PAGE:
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Lucretia added to her intrepid legend by venturing into the asylum at Berkeley this week to record this episode in person with Georgetown Law Professor Randy Barnett about his new book (co-authored with Evan Bernick), The Original Meaning of the Fourteenth Amendment: Its Letter and Spirit.
To remind listeners, Barnett argued the Gonzalez v. Raich case that challenged the unlimited reach of the Commerce Clause, and was one of the principal architects of NFIB v. Sebelius that challenged Obamacare back in 2012.
Before getting into the main topic of the 14th Amendment, we open with some intellectual history, as Prof. Barnett began his legal career as a prosecutor, and taught contracts in law school before being drawn into constitutional law mid-career. Since then he has published a series of highly regarded books that have helped revitalize constitutional originalism.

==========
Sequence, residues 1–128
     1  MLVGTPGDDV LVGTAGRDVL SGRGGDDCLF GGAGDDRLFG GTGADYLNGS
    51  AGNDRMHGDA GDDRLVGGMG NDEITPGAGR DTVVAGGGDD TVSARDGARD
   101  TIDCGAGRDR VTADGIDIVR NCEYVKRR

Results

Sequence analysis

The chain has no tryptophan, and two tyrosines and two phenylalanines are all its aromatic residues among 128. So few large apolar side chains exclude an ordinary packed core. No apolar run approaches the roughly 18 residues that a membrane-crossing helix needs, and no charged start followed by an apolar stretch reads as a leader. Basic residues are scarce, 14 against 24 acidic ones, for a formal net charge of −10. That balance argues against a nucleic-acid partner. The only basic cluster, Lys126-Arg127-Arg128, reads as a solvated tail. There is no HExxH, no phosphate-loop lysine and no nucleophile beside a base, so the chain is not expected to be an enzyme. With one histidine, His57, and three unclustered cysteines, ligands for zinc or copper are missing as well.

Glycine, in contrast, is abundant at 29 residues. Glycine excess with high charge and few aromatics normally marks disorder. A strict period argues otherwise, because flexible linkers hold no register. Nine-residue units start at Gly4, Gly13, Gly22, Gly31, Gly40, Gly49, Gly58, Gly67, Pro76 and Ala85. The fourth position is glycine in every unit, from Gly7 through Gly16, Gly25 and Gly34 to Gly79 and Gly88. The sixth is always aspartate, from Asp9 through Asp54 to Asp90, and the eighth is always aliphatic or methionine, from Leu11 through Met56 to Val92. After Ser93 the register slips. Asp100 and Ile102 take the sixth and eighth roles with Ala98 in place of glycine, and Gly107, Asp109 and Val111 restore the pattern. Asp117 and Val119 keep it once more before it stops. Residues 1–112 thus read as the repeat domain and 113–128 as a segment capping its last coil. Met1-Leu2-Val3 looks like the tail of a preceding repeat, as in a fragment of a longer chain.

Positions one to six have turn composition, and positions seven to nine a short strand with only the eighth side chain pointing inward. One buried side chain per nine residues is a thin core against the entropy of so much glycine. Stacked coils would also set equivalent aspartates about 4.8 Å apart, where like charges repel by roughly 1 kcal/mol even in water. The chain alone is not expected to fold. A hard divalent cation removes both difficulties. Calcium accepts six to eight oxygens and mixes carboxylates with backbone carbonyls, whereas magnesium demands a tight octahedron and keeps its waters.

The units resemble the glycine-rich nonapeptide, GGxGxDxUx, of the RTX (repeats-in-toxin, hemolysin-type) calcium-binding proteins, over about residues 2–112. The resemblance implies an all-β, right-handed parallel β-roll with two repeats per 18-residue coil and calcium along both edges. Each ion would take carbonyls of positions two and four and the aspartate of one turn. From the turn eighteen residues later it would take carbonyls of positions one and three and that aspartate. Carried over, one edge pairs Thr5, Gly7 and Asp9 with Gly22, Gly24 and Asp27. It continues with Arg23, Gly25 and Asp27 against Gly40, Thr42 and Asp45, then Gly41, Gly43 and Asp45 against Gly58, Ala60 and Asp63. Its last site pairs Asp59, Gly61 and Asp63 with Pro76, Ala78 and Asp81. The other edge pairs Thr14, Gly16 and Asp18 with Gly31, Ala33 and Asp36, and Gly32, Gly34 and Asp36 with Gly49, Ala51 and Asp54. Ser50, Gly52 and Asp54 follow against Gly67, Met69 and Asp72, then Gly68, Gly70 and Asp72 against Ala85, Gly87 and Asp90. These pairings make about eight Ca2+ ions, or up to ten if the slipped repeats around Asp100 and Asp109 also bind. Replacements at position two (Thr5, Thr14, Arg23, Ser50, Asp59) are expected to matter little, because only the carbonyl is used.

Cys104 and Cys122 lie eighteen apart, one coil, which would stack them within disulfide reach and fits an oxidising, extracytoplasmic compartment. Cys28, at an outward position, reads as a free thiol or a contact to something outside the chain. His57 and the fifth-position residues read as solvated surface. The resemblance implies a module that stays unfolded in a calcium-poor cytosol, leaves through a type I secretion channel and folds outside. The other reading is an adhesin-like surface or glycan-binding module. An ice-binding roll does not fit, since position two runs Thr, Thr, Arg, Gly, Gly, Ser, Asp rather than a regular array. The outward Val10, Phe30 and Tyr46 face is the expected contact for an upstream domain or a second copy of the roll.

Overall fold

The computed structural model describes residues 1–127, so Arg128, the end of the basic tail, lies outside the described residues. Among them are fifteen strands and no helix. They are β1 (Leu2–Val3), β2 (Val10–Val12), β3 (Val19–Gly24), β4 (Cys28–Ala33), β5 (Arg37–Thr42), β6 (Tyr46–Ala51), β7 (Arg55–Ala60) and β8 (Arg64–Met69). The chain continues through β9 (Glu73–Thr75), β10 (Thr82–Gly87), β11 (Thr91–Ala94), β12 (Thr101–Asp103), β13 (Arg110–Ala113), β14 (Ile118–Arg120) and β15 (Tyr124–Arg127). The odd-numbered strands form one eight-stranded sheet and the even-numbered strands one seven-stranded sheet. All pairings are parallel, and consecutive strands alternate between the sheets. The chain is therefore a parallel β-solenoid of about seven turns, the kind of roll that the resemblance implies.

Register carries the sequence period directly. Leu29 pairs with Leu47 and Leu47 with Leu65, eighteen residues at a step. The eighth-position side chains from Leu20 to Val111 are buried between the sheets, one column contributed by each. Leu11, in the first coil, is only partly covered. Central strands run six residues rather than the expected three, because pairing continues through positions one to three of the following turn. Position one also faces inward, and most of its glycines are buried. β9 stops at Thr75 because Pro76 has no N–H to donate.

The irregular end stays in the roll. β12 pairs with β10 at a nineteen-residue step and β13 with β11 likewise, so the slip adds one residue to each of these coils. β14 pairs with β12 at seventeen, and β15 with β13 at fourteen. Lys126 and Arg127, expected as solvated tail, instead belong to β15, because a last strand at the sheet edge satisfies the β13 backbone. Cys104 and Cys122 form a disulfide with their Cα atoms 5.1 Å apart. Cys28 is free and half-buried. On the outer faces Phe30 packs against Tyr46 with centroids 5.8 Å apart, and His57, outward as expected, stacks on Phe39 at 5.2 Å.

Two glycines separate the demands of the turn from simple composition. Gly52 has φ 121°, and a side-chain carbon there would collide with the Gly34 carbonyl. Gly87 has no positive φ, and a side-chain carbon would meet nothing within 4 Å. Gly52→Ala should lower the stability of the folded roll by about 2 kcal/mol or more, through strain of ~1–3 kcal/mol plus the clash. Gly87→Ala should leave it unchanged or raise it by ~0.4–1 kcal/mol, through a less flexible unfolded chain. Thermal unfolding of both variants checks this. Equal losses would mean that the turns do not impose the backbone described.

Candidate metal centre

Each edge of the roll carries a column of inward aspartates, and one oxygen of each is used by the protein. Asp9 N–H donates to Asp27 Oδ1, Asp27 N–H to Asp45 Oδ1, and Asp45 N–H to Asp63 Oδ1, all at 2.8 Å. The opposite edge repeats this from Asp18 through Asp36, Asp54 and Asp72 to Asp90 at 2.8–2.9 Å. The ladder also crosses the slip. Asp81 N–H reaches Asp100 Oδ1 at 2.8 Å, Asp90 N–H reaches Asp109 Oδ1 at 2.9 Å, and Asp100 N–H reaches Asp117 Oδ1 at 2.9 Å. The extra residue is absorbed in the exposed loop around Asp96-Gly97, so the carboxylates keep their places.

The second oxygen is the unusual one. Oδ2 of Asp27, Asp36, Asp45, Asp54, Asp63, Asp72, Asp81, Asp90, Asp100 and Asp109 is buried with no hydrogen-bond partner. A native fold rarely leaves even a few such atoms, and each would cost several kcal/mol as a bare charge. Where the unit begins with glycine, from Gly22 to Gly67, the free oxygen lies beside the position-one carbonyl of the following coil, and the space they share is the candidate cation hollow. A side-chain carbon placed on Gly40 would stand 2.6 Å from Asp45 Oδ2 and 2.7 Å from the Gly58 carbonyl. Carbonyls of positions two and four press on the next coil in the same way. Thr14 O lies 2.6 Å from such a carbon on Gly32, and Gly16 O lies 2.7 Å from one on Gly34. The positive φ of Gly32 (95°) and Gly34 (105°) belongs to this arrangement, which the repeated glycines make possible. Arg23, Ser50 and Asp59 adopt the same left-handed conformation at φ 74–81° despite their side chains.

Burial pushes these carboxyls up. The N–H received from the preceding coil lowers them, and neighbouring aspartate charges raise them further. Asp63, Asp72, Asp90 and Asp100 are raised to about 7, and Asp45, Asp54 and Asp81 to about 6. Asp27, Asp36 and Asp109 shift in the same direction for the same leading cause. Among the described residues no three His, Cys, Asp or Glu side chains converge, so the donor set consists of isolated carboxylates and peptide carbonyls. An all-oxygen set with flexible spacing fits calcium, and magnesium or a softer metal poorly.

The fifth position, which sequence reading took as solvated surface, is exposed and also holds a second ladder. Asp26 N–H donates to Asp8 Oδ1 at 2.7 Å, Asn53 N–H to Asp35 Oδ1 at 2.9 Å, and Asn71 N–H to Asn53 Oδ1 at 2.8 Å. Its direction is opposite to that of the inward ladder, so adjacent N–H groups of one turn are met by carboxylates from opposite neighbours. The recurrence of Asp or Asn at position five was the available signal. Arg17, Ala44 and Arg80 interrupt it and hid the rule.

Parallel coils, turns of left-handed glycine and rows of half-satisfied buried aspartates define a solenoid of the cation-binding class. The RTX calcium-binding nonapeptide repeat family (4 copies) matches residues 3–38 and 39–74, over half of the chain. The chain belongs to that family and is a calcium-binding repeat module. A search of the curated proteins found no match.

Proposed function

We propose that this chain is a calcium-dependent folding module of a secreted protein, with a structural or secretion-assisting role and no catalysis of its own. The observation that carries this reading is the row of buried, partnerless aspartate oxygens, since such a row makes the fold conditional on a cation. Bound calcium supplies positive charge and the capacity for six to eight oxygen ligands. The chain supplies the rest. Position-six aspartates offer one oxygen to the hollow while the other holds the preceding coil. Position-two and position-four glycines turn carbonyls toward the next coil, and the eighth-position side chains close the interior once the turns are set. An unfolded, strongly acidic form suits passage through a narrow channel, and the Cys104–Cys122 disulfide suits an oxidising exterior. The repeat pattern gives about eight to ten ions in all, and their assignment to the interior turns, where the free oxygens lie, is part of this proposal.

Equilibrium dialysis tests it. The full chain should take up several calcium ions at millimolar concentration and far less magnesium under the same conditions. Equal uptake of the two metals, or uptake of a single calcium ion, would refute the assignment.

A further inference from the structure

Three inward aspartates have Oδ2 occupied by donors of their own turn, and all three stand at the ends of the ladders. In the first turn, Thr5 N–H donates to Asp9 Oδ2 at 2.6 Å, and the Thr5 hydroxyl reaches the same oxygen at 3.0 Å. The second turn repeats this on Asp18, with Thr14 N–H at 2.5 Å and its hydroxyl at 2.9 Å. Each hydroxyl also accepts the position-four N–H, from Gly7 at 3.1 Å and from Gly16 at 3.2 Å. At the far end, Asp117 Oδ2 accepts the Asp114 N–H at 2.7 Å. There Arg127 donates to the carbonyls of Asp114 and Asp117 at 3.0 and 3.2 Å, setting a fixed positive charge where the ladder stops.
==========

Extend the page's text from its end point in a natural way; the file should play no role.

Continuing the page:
From there we venture into some of the history of the 14th Amendment, as well as Prof. Barnett’s thorough tour in the book of contemporary understandings—and misunderstandings—of this crucial amendment. His reconstruction of this Reconstruction Era amendment deserves to take its place as one of the pre-eminent works on this subject. (Bonus: he also supplied the trademark Ricochet sign off at the very end of the recording, so listen through the exit music for a treat.)
Oh, I almost forgot: we recorded in John Yoo’s office at Berkeley Law, and he loitered in the background, mostly heckling and pouring Maker’s Mark in our coffee. The things we put up with.
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